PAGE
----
…Something happened, and you don’t feel good about it, but hey, no one made you go to the party, or drink that much, or go to that room, or…. And did you really drink that much? Or did you get far more intoxicated than you usually do? Is it possible that someone slipped you a roofie? What really happened??…
There are times when a student just isn’t sure if what happened was sexual misconduct or not. It may have started out as consensual sex, but then things got out of hand. Or it may be that that the student drank excessively and simply can’t remember what happened, or blacked out.
At times like these, it is easy to move to a place of self-doubt and to blame yourself for whatever happened. It’s easier to deal with the guilt and embarrassment of a “bad hookup” than to consider the possibility that you were just sexually assaulted by someone who took advantage of you and violated you terribly.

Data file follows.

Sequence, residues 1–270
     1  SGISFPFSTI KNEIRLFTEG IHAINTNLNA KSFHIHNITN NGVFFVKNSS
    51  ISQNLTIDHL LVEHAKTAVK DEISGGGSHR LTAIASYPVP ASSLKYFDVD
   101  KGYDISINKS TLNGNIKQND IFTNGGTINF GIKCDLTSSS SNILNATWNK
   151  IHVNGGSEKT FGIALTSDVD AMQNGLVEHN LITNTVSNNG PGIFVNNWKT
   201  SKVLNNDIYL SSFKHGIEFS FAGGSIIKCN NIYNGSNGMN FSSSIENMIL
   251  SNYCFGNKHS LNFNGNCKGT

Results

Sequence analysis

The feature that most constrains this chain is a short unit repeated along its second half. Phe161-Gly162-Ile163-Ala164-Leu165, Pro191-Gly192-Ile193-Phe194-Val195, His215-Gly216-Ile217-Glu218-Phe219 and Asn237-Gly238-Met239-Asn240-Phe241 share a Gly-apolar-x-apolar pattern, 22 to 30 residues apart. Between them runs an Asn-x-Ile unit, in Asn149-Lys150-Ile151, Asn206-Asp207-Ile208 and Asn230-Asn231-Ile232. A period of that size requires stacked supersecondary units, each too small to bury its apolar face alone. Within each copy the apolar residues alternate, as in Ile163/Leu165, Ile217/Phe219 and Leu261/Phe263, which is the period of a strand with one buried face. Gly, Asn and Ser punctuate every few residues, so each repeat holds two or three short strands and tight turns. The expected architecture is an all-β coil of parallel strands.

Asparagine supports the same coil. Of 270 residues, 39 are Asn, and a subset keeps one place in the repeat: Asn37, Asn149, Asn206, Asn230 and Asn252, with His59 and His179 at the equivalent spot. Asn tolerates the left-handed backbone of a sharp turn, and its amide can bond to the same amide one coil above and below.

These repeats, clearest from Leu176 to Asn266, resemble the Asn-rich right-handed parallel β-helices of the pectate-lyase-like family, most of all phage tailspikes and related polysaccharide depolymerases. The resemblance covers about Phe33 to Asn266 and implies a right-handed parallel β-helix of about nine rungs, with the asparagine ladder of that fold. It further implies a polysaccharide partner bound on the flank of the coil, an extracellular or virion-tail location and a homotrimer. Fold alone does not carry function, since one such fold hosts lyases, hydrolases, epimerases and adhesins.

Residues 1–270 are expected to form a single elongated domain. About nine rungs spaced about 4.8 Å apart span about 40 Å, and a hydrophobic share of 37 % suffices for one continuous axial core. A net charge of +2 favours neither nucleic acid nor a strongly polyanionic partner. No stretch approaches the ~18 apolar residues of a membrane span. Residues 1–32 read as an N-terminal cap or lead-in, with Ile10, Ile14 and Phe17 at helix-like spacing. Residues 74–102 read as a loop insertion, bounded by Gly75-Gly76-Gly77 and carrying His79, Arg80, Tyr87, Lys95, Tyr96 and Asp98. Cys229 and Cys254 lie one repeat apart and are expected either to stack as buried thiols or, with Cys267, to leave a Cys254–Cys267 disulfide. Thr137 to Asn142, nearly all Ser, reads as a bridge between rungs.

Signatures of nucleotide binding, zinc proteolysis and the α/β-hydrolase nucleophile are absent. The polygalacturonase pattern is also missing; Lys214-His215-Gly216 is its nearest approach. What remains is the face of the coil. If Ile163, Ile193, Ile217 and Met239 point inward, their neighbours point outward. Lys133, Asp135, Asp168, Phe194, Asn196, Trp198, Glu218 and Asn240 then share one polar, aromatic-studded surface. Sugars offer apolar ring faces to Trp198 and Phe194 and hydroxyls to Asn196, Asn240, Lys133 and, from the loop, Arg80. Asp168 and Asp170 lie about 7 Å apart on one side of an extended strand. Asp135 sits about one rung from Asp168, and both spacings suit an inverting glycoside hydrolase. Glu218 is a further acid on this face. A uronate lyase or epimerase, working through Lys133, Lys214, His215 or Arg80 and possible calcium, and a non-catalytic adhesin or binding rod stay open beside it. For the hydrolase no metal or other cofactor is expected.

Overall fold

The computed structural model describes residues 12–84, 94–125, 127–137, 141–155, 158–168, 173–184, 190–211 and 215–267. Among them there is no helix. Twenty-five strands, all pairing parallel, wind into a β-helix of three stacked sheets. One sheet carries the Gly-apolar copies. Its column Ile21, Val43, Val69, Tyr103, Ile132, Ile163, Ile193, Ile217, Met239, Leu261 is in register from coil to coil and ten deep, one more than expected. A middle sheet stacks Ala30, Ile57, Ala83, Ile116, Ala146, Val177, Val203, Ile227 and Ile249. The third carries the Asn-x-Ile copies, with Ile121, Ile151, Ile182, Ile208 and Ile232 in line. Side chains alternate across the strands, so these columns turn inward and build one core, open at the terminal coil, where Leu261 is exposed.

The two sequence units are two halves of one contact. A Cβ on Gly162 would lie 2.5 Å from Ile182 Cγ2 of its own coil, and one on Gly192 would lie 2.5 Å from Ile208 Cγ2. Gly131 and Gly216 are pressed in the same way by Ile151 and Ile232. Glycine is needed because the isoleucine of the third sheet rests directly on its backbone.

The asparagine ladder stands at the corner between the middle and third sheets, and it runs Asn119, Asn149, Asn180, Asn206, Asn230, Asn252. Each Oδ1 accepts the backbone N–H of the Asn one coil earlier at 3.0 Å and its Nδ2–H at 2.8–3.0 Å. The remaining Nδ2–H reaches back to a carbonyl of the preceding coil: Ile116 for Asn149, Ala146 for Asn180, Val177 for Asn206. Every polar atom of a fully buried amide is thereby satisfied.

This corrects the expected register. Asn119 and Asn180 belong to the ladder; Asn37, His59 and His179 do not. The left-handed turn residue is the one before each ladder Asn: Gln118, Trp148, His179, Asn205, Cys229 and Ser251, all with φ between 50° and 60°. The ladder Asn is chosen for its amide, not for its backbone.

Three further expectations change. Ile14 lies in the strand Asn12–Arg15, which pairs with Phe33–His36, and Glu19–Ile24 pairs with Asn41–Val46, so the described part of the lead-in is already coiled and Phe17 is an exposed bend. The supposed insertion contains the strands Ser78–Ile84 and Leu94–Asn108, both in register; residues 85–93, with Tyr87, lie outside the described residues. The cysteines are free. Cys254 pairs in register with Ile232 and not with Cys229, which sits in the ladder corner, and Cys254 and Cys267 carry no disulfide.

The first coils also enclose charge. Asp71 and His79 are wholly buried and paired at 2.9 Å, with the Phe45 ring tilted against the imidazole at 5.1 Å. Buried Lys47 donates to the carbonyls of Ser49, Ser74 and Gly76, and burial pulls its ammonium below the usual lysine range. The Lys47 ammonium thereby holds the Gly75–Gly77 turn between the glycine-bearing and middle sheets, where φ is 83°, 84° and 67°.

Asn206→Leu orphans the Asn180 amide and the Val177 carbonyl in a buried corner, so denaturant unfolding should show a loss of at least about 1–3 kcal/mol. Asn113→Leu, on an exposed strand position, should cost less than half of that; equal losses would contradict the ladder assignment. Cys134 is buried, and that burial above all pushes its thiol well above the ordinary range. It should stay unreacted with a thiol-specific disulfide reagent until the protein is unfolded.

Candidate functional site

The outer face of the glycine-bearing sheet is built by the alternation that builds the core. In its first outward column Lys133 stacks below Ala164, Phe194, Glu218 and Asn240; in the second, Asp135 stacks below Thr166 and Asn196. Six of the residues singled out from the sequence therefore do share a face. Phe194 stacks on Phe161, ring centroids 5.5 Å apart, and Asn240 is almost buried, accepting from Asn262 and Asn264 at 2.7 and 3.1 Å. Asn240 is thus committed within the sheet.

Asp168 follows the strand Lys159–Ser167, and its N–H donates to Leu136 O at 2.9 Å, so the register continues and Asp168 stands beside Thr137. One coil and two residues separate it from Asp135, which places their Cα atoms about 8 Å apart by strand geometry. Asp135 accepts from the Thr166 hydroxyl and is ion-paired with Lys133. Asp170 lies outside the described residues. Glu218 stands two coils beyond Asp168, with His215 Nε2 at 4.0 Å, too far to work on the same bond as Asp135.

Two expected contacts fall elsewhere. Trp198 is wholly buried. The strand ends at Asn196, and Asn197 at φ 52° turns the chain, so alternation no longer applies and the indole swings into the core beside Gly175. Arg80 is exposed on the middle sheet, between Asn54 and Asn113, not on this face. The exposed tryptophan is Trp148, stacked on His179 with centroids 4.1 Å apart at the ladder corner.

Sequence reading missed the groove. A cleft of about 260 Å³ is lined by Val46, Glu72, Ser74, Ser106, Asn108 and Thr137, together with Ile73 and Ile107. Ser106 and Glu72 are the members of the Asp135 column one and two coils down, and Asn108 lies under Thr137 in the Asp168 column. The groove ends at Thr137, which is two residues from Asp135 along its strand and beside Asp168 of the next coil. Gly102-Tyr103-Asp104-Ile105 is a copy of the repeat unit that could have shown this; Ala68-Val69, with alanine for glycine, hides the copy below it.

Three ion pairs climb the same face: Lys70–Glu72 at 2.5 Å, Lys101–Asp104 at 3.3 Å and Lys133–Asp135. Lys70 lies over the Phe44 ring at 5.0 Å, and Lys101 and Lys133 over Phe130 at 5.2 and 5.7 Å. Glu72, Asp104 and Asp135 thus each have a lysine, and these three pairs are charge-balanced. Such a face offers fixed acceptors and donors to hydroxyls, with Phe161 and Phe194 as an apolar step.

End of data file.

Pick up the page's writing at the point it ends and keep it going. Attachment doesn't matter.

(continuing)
Whatever your experience, and regardless of gender, sexual orientation, or whether you feel your experience meets the definition of sexual assault
, you deserve to be cared for and supported. It is not necessary for you, or for others, to label your experience as sexual assault in order for you to receive medical and emotional care. The university has resources available
to tend to your medical and emotional needs, to discuss what happened with you, and to review your options with you. Seeking support can help you to make sense of your experience and to figure out what your next steps will be.